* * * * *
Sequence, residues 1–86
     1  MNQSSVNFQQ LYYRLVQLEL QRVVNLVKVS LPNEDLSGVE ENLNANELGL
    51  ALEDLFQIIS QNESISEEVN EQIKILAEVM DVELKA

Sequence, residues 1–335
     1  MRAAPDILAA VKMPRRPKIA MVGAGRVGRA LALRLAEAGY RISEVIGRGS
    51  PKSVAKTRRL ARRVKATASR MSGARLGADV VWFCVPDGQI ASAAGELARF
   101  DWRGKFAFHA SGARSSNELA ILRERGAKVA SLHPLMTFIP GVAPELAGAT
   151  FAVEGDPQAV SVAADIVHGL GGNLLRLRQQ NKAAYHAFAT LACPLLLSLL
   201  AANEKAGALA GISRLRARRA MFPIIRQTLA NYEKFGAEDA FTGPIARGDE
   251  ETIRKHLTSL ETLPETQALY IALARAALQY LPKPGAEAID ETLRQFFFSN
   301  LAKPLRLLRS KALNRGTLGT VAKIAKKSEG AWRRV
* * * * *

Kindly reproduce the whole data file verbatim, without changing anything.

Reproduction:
Sequence, residues 1–86
     1  MNQSSVNFQQ LYYRLVQLEL QRVVNLVKVS LPNEDLSGVE ENLNANELGL
    51  ALEDLFQIIS QNESISEEVN EQIKILAEVM DVELKA

Sequence, residues 1–335
     1  MRAAPDILAA VKMPRRPKIA MVGAGRVGRA LALRLAEAGY RISEVIGRGS
    51  PKSVAKTRRL ARRVKATASR MSGARLGADV VWFCVPDGQI ASAAGELARF
   101  DWRGKFAFHA SGARSSNELA ILRERGAKVA SLHPLMTFIP GVAPELAGAT
   151  FAVEGDPQAV SVAADIVHGL GGNLLRLRQQ NKAAYHAFAT LACPLLLSLL
   201  AANEKAGALA GISRLRARRA MFPIIRQTLA NYEKFGAEDA FTGPIARGDE
   251  ETIRKHLTSL ETLPETQALY IALARAALQY LPKPGAEAID ETLRQFFFSN
   301  LAKPLRLLRS KALNRGTLGT VAKIAKKSEG AWRRV